Neonatal Inhibition of DNA Methylation Disrupts Testosterone-Dependent Masculinization of Neurochemical Phenotype

Cisternas, C.D., Cortes, L.R., Golynker, I., Castillo-Ruiz, A., Forger, N.G.

Endocrinology 01/01/2020

PMID: 31742329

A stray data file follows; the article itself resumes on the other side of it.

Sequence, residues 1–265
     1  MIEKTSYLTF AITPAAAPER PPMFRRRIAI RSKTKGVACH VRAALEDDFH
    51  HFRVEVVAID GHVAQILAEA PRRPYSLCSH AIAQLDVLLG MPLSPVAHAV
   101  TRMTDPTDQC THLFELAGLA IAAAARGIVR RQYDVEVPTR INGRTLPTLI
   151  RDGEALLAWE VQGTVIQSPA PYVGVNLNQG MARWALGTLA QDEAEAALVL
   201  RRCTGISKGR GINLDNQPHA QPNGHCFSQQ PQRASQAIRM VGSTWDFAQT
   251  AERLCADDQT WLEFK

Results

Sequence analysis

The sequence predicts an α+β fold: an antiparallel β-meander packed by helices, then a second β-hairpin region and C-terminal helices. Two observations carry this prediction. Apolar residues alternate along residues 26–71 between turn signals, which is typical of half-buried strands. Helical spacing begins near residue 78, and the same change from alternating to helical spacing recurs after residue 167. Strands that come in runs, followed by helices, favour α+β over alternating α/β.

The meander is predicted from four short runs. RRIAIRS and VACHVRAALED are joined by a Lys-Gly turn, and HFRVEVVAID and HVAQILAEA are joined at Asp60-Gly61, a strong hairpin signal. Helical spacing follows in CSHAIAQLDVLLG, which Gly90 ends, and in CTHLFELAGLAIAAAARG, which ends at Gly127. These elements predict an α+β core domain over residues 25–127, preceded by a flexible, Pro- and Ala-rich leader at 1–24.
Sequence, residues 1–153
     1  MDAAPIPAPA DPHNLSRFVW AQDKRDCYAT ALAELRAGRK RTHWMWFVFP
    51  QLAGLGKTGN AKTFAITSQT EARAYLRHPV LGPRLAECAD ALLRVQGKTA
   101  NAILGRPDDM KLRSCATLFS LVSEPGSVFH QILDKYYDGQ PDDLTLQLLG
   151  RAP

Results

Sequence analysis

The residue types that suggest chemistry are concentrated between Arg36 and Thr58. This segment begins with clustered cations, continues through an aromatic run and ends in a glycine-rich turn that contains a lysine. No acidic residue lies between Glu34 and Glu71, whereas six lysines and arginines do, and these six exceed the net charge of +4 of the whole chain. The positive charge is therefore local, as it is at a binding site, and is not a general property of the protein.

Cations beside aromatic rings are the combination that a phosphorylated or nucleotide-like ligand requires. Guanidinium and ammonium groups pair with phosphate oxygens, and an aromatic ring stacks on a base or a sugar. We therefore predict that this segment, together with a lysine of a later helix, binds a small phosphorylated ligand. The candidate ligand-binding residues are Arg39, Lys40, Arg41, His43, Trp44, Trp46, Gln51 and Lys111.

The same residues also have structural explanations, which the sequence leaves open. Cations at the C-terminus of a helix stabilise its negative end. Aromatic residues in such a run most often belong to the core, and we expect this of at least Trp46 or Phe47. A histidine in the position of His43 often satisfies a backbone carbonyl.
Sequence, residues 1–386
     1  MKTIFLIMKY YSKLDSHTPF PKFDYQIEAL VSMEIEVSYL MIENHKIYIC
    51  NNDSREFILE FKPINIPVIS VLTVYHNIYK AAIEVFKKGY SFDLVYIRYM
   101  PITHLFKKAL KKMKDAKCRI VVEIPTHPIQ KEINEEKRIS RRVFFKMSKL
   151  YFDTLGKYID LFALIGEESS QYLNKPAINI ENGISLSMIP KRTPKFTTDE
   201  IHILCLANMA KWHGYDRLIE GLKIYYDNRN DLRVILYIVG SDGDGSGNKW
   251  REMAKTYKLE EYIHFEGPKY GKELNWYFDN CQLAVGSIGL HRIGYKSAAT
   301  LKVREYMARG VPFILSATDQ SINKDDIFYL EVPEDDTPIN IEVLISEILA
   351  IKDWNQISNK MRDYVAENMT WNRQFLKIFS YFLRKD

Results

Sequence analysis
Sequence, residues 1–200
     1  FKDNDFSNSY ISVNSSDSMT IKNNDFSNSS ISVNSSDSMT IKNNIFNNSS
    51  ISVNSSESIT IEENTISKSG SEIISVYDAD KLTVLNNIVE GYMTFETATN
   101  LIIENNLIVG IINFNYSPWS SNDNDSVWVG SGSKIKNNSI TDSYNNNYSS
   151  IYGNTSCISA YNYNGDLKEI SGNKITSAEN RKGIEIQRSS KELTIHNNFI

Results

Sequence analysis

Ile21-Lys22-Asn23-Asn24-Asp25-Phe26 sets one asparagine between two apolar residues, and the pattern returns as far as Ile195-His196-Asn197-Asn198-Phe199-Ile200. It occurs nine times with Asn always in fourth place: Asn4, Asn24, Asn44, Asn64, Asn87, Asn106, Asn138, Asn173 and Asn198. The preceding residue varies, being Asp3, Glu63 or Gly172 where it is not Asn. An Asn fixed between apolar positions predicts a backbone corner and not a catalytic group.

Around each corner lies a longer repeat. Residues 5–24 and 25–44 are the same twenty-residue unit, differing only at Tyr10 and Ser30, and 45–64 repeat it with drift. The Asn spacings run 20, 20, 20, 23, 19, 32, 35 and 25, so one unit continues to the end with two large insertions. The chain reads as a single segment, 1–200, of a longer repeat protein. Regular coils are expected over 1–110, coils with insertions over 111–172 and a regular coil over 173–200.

Abstract: Many neural sex differences are differences in the number of neurons of a particular phenotype. For example, male rodents have more calbindin-expressing neurons in the medial preoptic area (mPOA) and bed nucleus of the stria terminalis (BNST), and females have more neurons expressing estrogen receptor alpha (ERα) and kisspeptin in the ventromedial nucleus of the hypothalamus (VMH) and the anteroventral periventricular nucleus (AVPV), respectively. These sex differences depend on neonatal exposure to testosterone, but the underlying molecular mechanisms are unknown. DNA methylation is important for cell phenotype differentiation throughout the developing organism. We hypothesized that testosterone causes sex differences in neurochemical phenotype via changes in DNA methylation, and tested this by inhibiting DNA methylation neonatally in male and female mice, and in females given a masculinizing dose of testosterone. Neonatal testosterone treatment masculinized calbindin, ERα and kisspeptin cell number of females at weaning. Inhibiting DNA methylation with zebularine increased calbindin cell number only in control females, thus eliminating sex differences in calbindin in the mPOA and BNST. Zebularine also reduced the sex difference in ERα cell number in the VMH, in this case by increasing ERα neuron number in males and testosterone-treated females. In contrast, the neonatal inhibition of DNA methylation had no effect on kisspeptin cell number. We conclude that testosterone normally increases the number of calbindin cells and reduces ERα cells in males through orchestrated changes in DNA methylation, contributing to, or causing, the sex differences in both cell types.